A Meissen teabowl and saucer from the service for the Elector Clemens August of Cologne circa 1735
Lot 34*
A Meissen teabowl and saucer from the service for the Elector Clemens August of Cologne, dated 1735
Sold for £34,850 (US$ 58,576) inc. premium
Lot Details
A Meissen teabowl and saucer from the service for the Elector Clemens August of Cologne, dated 1735
Each painted by Philipp Ernst Schindler with a chinoiserie scene on a gilt scrollwork bracket enclosing a quatrelobe puce camaieu harbour scene and embellished with Böttger lustre, the saucer depicting a seated figure painting the initials 'CA' on a shield held by a youth, the teabowl with a figure seated by a vase and another standing with a shield inscribed 'Cle/ mens/ Au/ gust/ 1735', the reverse with the arms with lion supports on a puce bracket, the interior with a spray of indianische Blumen, the reverse of the saucer with three flower sprigs, gilt scrollwork borders to the rims, the teabowl: 4.6cm high; the saucer: 12.8cm diam., crossed swords marks in underglaze-blue, impressed Former's mark * inside footrim of saucer (2)

Footnotes

  • Provenance:
    Probably ordered by the Elector Clemens August of Cologne in 1735;
    Recorded in February 1761 in the Indianisches Haus in Brühl, and moved to Bonn the same year;
    Purchased at the auction of the late Elector's possessions at the Bonn Residence by Hofrat Vogel in the name of Herr von Demme in March 1764;

    Literature:
    Thomas Iwe, das Meissener Schokoladen-, Kafee-, und Teeservice des Kurfürsten Clemens-August von Köln. Keramos 189/190 (2005), pp. 3 - 51;
    Michael Unterberg, ein Meissener Kaffee, -Tee und Schokoladenservice für Kurfürst Clemens August von Köln. Keramos 189/190 (2005), pp. 53-95;
    Ulrich Pietsch, Passion for Meissen (2010), no. 72

    This teabowl and saucer bear the coat of arms of Clemens August of Bavaria, Elector of Cologne (1700-1761). Born in Brussels, he was the fourth son of Elector Maximilian II Emanuel of Bavaria and Teresa Kunegunda Sobieska, and the grandson of King Jan III Sobieski of Poland. Following his theological studies, Clemens August became a priest in 1725 and was made a bishop by Pope Benedict XIII in 1727. By virtue of his birth, he had already become Bishop of Münster and Paderborn in 1719, and in 1723, he became Archbishop and Elector of Cologne and was elected Bishop of Hildesheim the following year. In 1728, he was elected Bishop of Osnabrück, and in 1732, he was elected Grand Master of the Teutonic Order. He thus accrued enormous power and wealth in both the religious and secular spheres, and is renowned to this day for his patronage of the arts, his elegant court, and his magnificent castles, such as Augustusburg and Falkenlust in Brühl, and Clemenswerth near Osnabrück.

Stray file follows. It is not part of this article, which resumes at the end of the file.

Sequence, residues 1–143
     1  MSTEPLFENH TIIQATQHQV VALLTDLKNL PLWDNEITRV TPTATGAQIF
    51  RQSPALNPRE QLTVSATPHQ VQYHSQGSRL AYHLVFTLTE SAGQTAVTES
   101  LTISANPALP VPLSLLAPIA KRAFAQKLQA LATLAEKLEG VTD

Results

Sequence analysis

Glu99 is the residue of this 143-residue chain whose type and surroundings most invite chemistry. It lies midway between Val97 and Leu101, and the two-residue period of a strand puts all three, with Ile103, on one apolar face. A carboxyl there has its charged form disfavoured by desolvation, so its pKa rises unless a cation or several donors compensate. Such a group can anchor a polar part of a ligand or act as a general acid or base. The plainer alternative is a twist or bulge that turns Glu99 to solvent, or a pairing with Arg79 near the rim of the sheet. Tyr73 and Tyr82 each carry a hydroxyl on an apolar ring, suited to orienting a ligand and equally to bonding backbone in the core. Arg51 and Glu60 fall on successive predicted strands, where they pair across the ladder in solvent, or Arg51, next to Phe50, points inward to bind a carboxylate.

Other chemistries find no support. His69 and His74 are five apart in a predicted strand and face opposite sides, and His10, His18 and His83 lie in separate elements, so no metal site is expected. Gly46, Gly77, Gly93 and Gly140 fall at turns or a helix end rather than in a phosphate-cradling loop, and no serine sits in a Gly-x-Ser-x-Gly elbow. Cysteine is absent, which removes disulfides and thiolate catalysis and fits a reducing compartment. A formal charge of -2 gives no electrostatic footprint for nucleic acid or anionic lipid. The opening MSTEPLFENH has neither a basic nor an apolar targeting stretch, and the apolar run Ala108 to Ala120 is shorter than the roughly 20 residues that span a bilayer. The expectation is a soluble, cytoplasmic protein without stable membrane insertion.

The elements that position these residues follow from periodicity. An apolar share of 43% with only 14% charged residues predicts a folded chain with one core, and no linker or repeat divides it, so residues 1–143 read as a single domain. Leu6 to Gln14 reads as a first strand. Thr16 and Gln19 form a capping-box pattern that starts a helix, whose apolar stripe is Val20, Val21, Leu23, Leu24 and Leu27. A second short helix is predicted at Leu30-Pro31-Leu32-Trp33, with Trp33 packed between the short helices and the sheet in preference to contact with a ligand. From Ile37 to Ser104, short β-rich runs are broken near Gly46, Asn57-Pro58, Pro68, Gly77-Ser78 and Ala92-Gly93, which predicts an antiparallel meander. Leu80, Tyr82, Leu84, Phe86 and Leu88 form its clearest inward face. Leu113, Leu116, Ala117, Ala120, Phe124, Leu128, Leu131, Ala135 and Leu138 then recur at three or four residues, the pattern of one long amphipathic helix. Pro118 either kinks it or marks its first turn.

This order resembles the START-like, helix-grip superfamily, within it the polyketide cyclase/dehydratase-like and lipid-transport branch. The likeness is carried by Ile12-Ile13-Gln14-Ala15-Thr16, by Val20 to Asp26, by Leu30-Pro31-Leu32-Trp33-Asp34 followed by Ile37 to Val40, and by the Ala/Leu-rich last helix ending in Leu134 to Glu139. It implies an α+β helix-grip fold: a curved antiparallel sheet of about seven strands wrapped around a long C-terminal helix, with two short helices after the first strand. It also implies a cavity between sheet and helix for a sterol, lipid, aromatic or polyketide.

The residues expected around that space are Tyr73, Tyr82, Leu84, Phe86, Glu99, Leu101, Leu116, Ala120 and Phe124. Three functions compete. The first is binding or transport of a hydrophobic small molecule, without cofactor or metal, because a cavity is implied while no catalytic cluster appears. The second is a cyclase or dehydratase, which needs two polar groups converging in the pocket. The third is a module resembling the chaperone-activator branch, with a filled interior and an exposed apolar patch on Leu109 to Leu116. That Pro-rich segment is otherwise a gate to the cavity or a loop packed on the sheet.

The celebrated tea, coffee and chocolate service of which this teabowl and saucer formed a part, has recently been the subject of detailed studies by Thomas Iwe and Michael Unterberg (see Literature), and has also been considered in the context of diplomacy between the courts in Dresden and Cologne (Köhler 2007), on which the following note is mostly based.

    The Saxon ambassador at the electoral Court in Cologne, Heinrich Balduin von Schenk, reported in the late 1720s that Clemens August held Meissen porcelain in high regard, and suggested at least twice that Augustus the Strong should make him a gift of porcelain (Köhler 2007, pp. 200-201). Despite this, it appears that this magnificent service, with its unique and highly personal scheme of chinoiserie figures paying homage to Clemens August, was most likely commissioned by the Elector, rather than a gift from the Dresden Court, with which relations were then strained. The inventory made after the Elector's death in 1761, records that the service was housed in the Indianisches Haus, a chinoiserie house in the park of Schloss Augustusburg, the third in Europe after Augustus the Strong's Japanese Palace and Schloss Pillnitz. The informal atmosphere that prevailed there may have been appropriate to the service, the decoration of which may also be read as a caricature of court ceremonial (Köhler, op. cit., p. 202).

    For the attribution of the hollow triangle mark to Philipp Ernst Schindler, first discovered by Helmut Joseph, see Stefan Bursche, Philipp Ernst Schindler und das hohle Dreieck. Keramos 161 (1998), pp. 39-48, and ills. 10-12 for other pieces from the Clemens August service painted by Schindler and bearing the triangle mark.

    The service originally included twelve such teabowls and saucers; for a comprehensive description of the service, and the current whereabouts of the pieces, see above Literature. A chocolate beaker and saucer and a teabowl and saucer from the service were sold in these Rooms from the Hoffmeister Collection, 25 November 2009, lot 78 and 24 November 2010, lot 66, respectively. Another teabowl and saucer from this service, was sold by Christie's London, 10 July 2007, lot 30.
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  1. Nette Megens
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  2. Sebastian Kuhn
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